How to Deal When Others Doubt Your Acting Career

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How to Deal When Others Doubt Your Acting Career

Posted Aug. 8, 2017, 3 p.m.
This article originally appeared on Backstage Magazine

It’s happened to every actor. You’re eating dinner with a loved one or chatting away at a party when out of the blue, someone asks: “So, how’s acting going? Booked anything lately?”

Suddenly, it feels like you swallowed an anvil. You haven’t booked anything lately. Or maybe you haven’t booked anything ever. Or perhaps you have booked something, but you have the distinct feeling it’s not something this person is going to be impressed with.

You try not to stumble over your words, but it happens anyway. Everything you say about “how acting is going” feels painfully insufficient. No matter how much you wish it weren’t true, your self-doubt is stronger than your optimism.

And then, as if things couldn’t get any worse, they hit with you with the proverbial gut punch: “Well, don’t feel bad, it’s really hard to make it as an actor. Have you ever thought about getting a ‘real job’?”

And then you hear Chopin’s Funeral March in your mind, playing to the death of your dreams.

Whether this doubting Thomas (who just managed to ruin your evening) is your mom, a close friend, or a complete stranger, why do their words seem to have so much power over you? This is one of the most central questions to answer on your path to success as a working actor. Confidence is key and you simply can’t afford to let other people’s doubts (let’s call them OPDs) get into your head.

So, how do you prevent OPD mind invasion?

1. Recognize that OPDs aren’t even about you.
Anytime someone expresses doubt in your ability to make it as a working actor (or do anything else for that matter), what they’re really saying is that they don’t believe they could do it. What’s coming out of their mouth is a direct reflection of their own beliefs about what’s possible, for them, based on their own story. They’re talking about themselves. Every. Single. Time.

2. Recognize that your courage triggers others.
You’ve chosen a challenging (and incredibly rewarding) path. When people who have chosen safe, predictable careers are faced with someone who is following their dream, it often triggers them. They’ll want to poke holes in what you’re doing as a subconscious way of telling themselves that they’re doing the right thing by not following their dream.

3. Shield yourself.
It’s important to see OPDs about your acting career for what they are: attempts to bring you down. Even if the other person doesn’t realize that’s what they’re doing, and even if they think they’re doing you a favor, they’re not. You can shield yourself by limiting your time with that person, or where that isn’t possible or desired, imagine their words are tangible and you block them from hitting you by imagining yourself inside of a safe, protective bubble, or using a shield or magic bracelets like Wonder Woman wears. It may sound cheesy, but it’s something you can “do” in the moment that prevents OPDs from sinking in.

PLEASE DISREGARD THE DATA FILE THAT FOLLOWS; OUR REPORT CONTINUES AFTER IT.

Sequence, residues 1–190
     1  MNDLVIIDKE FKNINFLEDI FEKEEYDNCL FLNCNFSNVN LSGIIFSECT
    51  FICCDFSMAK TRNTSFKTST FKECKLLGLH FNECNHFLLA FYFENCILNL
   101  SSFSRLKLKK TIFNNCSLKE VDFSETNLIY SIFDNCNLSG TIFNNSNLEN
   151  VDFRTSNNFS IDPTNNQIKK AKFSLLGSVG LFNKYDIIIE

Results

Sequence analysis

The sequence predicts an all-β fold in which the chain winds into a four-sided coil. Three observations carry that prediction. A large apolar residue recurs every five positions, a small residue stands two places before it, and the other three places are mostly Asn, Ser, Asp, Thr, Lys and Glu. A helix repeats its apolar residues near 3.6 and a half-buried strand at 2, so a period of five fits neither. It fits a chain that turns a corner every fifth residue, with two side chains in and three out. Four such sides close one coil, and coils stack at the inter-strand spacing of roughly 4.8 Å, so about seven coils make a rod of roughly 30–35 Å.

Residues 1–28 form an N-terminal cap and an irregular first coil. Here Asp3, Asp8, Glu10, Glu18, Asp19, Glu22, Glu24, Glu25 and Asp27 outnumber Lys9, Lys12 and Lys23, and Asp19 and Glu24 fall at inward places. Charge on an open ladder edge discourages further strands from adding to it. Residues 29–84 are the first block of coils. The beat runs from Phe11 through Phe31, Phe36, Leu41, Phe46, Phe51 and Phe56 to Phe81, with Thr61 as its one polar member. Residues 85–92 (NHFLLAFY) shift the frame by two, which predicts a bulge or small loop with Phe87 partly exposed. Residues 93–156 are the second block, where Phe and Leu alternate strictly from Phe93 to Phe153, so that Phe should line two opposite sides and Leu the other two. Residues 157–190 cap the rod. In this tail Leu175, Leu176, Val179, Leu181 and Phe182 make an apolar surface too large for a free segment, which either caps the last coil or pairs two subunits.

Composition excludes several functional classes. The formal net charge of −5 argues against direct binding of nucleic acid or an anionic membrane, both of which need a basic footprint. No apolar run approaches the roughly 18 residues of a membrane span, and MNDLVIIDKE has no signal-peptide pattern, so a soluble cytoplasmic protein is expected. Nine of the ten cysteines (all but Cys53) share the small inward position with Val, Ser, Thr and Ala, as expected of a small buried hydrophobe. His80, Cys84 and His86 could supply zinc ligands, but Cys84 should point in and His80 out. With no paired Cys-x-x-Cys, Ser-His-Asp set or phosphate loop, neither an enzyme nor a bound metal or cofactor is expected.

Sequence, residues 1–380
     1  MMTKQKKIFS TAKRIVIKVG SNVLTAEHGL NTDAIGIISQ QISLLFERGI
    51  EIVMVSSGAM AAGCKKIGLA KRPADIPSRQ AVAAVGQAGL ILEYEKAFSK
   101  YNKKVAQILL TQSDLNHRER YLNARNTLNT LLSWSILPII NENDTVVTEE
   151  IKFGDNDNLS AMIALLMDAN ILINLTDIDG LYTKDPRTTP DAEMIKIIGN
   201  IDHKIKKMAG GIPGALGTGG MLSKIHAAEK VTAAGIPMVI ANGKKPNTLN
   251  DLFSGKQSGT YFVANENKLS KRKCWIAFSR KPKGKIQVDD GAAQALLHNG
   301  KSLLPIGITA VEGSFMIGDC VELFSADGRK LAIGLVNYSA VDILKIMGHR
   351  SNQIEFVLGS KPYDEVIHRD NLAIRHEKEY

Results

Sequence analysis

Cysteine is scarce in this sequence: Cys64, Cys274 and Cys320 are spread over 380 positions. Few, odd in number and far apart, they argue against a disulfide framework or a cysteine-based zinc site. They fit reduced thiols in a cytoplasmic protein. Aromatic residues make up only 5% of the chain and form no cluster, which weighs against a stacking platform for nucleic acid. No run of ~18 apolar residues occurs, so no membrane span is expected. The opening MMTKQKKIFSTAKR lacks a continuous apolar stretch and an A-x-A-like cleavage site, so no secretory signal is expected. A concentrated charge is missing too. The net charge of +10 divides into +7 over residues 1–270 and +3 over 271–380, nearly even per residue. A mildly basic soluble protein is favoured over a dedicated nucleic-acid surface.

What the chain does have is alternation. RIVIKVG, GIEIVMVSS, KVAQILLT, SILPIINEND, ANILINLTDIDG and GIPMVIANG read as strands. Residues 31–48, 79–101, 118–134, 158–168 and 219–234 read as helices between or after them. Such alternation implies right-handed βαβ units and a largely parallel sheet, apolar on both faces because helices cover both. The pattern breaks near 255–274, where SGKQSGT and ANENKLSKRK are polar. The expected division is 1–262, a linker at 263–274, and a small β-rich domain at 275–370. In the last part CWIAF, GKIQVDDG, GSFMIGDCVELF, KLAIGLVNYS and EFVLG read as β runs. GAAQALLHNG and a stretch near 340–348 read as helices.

4. Avoid trying To persuade others.
Trying to convince others you’re on the right path (when faced with their doubts) is a drain on your creative energy. Your decision to be an actor just is, you don’t have to justify it to anyone. When someone springs their OPDs with you, shield yourself in your mind, and then externally, you can nod, breathe, and say as few words as possible (like, “It’s going great”); but don’t try to convince them that their doubts are unfounded. Save your precious energy for bringing your vision to life.

5. Craft a message for yourself, from the other person.
When OPDs get stuck in your head, try customizing the following message to fit your situation (swapping out the words for the ones they said) and reading it to yourself out loud, as if it’s from the other person (just don’t share it with the other person):

“I am so sorry that I told you it’s not practical to become an actor and that you should do something else. I should never have said that to you; I was wrong. The most practical thing you could ever do is what you love. And it takes a tremendous amount of courage to be an actor. Honestly, what I said had nothing to do with you, it was about me and my own doubts, but I’m sorry for putting them on you. I’m actually really inspired by what you’re doing. I know you have everything it takes to succeed and I’m going to be cheering you on the whole way.”

You can’t change the fact that you’ll always be exposed to OPDs, but with time and practice, you can arrive at a place where they have little effect on you. One additional way to do that is to surround yourself with other like-minded artists who are all about encouraging one another, like those you’ll find in my private Facebook group, TEA House. I hope you’ll join us.

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